A survey on self-medication for the prevention or treatment of COVID-19 and distrust in healthcare of veterans in a primary care setting in the United States

Ther Adv Drug Saf. 2022 Dec 15:13:20420986221143265. doi: 10.1177/20420986221143265. eCollection 2022.


Background: The SARS-CoV-2 (COVID-19) pandemic brought the public overwhelming and conflicting information. Rates of trust in healthcare professionals have been declining among laypersons over the past five decades. In this setting, we sought to evaluate the use of medications, both with or without a prescription, to prevent and treat SARS-CoV-2 as well as trust in healthcare among patients in a primary care clinic.

Design: We surveyed 150 veterans in primary care clinic waiting rooms at a large southwestern tertiary care Veterans Affairs hospital. This survey was performed in March-November 2021.

Methods: The survey asked about respondents' demographics, use of medications, nutritional supplements, and other remedies for the prevention and treatment of COVID-19, perceived access to care using Agency for Healthcare Research and Quality (AHRQ) Consumer Assessment of Healthcare Providers and System (CAHPS), overall health status, and barriers to medical appointments in the last 12 months. Distrust was measured using the Revised Health Care Distrust scale. We used univariate and multivariate linear regression analyses to study predictors of distrust to healthcare.

Results: Forty-two (28%) of 150 respondents reported taking an agent for the prevention of COVID-19, while 4% reported storing antibiotics for the treatment of COVID-19, if diagnosed. Medications were obtained from medical providers, US stores or markets, the Internet, home stockpiles, and other countries. Medications with potentially harmful effects taken for the prevention and treatment of COVID-19 included hydroxychloroquine, pseudoephedrine, and antibiotics. Among those surveyed, the mean (SD) on the health system distrust score was 2.2 (0.6) on a scale of 1-5, with 5 indicating higher distrust. Younger age, self-reported poor health, lack of a regular physician, and self-reported poor access to care were independently associated with distrust in healthcare.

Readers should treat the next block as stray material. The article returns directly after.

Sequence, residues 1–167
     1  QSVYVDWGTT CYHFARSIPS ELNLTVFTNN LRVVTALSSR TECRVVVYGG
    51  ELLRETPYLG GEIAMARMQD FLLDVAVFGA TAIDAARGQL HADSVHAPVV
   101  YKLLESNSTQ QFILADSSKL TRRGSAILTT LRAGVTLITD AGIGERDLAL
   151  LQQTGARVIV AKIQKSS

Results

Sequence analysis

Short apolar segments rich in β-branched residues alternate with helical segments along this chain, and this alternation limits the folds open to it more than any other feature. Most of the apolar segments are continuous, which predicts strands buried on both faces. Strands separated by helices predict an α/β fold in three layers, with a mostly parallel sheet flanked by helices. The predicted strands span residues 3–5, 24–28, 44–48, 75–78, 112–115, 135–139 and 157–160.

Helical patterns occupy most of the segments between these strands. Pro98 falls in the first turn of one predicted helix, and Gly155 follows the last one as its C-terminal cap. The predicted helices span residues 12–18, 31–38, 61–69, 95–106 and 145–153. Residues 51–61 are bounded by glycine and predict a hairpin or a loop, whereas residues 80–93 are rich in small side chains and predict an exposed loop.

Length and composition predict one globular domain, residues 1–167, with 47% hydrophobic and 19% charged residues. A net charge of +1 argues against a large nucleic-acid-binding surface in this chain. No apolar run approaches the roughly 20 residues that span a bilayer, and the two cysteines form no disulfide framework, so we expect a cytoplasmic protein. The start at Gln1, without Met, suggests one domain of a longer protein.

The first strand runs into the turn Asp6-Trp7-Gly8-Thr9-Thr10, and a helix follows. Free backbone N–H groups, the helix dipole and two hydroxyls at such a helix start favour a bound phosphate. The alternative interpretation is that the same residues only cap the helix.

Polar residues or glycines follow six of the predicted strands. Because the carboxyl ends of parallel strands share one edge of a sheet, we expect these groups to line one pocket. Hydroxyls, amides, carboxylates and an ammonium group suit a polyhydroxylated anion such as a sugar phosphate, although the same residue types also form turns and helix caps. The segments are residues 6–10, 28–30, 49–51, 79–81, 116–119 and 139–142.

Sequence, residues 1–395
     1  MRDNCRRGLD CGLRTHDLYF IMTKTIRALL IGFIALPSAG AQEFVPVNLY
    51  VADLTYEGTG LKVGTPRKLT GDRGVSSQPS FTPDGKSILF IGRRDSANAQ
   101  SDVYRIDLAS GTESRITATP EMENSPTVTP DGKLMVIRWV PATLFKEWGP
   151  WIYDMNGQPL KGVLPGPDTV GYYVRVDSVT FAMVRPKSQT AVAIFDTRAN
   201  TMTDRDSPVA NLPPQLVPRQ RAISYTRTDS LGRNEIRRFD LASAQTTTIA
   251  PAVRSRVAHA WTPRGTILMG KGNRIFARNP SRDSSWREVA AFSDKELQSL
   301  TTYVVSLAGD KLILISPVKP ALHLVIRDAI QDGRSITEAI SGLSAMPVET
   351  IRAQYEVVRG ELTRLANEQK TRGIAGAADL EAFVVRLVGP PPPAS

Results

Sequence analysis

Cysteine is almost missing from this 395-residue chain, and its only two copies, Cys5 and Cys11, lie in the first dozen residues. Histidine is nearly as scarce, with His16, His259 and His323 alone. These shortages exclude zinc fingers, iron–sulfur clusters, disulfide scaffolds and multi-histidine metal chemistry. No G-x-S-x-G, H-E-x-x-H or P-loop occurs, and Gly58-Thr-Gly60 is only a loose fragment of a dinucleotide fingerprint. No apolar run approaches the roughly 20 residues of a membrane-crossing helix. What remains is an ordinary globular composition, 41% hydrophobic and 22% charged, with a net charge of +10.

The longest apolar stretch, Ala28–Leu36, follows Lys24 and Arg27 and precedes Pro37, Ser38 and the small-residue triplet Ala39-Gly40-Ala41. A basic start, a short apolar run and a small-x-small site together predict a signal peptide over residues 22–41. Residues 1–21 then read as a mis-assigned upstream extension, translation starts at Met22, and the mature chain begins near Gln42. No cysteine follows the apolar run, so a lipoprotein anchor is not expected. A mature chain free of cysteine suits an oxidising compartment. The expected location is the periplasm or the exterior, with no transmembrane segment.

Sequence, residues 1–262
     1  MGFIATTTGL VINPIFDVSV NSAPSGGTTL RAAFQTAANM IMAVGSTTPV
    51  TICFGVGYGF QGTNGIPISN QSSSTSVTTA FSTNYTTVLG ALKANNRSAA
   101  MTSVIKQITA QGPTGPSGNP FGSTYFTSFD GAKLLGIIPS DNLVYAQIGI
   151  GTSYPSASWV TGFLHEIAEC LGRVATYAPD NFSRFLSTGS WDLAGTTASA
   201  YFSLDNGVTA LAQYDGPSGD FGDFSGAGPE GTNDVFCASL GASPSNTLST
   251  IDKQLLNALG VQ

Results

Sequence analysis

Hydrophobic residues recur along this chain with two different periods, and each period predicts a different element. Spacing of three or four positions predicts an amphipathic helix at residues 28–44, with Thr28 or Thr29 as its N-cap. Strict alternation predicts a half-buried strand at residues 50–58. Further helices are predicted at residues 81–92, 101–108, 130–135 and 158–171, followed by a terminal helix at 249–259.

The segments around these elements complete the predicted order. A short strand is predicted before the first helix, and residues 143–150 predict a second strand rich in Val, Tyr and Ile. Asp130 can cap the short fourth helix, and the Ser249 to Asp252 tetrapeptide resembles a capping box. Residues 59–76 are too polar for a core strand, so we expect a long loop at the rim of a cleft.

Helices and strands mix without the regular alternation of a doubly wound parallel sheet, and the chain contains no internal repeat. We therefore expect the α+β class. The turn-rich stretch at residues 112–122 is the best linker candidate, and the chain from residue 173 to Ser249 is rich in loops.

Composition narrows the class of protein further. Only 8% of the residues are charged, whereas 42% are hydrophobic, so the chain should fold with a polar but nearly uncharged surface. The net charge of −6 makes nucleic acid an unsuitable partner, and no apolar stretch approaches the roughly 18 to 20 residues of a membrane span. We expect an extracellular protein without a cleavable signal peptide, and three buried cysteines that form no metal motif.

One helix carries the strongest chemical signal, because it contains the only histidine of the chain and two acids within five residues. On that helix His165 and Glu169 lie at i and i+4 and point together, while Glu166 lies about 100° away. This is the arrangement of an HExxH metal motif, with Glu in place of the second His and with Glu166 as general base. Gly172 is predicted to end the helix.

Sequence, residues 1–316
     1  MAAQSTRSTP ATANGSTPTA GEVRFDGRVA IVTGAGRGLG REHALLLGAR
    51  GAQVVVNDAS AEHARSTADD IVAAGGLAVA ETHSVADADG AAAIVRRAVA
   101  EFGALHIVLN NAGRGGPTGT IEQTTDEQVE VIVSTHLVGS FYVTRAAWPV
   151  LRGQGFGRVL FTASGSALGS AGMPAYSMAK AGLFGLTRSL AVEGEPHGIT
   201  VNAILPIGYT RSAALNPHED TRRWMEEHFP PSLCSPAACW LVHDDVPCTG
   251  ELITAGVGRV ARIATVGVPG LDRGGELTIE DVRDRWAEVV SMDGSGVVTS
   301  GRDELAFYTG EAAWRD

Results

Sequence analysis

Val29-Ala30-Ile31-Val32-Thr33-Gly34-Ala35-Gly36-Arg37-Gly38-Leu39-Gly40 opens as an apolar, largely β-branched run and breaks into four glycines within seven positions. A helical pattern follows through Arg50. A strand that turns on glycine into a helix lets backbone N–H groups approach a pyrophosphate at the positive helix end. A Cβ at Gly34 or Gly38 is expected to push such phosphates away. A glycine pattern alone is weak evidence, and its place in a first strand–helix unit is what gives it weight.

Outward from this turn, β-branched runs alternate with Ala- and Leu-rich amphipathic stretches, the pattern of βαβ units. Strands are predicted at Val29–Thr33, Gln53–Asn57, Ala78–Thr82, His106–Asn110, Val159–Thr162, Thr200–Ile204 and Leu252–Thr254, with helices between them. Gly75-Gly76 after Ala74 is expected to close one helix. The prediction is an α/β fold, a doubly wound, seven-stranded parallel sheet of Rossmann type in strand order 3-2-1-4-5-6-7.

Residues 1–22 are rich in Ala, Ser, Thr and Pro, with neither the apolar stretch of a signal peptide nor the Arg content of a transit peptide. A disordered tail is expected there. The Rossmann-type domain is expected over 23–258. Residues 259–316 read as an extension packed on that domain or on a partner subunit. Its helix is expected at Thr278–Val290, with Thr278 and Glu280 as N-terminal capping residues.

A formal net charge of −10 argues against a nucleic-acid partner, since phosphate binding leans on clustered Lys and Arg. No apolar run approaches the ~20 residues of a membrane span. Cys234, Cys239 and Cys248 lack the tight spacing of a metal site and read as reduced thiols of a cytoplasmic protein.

Conclusion: Self-medication to prevent COVID-19 infection with unproven therapies was common among respondents, as was some level of distrust in the healthcare system. Access to care was one of the modifiable factors associated with distrust. Future studies may explore whether improving trust may moderate self-treatment behavior and storage of potentially harmful medications.

Plain language summary: Self-Medication Habits and Trust in Healthcare Among Patients in a Primary Care Setting in the United States The public has received information from many different sources on COVID-19. Trust in healthcare leadership has also been impacted. We studied self-medication habits to prevent or treat COVID-19 among a group of primary care patients in a large hospital system in the Southwest United States. We also explored these patients' trust in their healthcare system.We asked people waiting in primary care clinic waiting rooms whether they had taken any medications, nutritional supplements, or other remedies to prevent or treat COVID-19. We also asked people whether they stored medications in the event that they were diagnosed with COVID. The survey explored patients' trust in the healthcare system through a validated trust survey tool. The survey also assessed basic demographic information, health literacy, access to care, and self-reported health status. These survey answers were analyzed to see whether there was an association between trust in healthcare and other factors including self-medication habits, access to care, demographics, or perceived health.This study found that over 25% of the 150 people surveyed had taken a medication, nutritional supplement, or remedy in an attempt to prevent COVID. We found that some people were taking potentially harmful medications, including hydroxychloroquine, pseudoephedrine, and antibiotics. We found that patients' distrust score was 2.2 on a scale of 1-5 (5 is associated with higher distrust). Self-medication for the prevention or treatment of COVID was not associated with distrust; however, younger age, self-perceived lack of access to healthcare, self-perceived poor overall health, and not having a regular doctor were predictors for lower trust. This information provides a basis to further study self-medication habits as well as ways to improve trust in the healthcare system.

Keywords: COVID-19; Veterans Health Services; ambulatory care; distrust; self-medication.